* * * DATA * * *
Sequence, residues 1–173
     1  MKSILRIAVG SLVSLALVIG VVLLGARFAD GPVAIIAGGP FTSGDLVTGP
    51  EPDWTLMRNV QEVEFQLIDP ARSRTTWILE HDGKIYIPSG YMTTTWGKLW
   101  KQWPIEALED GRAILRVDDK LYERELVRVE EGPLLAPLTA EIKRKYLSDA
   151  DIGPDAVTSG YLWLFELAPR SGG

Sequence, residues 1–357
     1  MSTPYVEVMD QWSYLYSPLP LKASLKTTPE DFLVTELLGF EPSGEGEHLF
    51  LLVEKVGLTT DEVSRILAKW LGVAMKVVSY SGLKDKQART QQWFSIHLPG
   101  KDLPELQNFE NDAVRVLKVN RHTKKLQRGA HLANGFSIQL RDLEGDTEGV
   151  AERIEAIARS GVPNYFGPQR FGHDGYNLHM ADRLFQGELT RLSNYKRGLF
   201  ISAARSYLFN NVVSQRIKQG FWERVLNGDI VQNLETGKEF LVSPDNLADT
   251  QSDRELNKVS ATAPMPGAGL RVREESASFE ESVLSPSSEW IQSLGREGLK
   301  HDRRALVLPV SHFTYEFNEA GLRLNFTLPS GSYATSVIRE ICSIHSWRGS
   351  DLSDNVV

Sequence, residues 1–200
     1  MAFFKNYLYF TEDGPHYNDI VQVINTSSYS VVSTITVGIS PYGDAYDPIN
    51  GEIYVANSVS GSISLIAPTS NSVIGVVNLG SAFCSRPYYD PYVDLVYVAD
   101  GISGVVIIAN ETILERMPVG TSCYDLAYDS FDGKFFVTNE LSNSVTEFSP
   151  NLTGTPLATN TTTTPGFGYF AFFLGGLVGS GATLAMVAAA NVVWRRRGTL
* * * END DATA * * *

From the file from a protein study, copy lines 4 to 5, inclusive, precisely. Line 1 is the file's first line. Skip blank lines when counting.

   101  KQWPIEALED GRAILRVDDK LYERELVRVE EGPLLAPLTA EIKRKYLSDA
   151  DIGPDAVTSG YLWLFELAPR SGG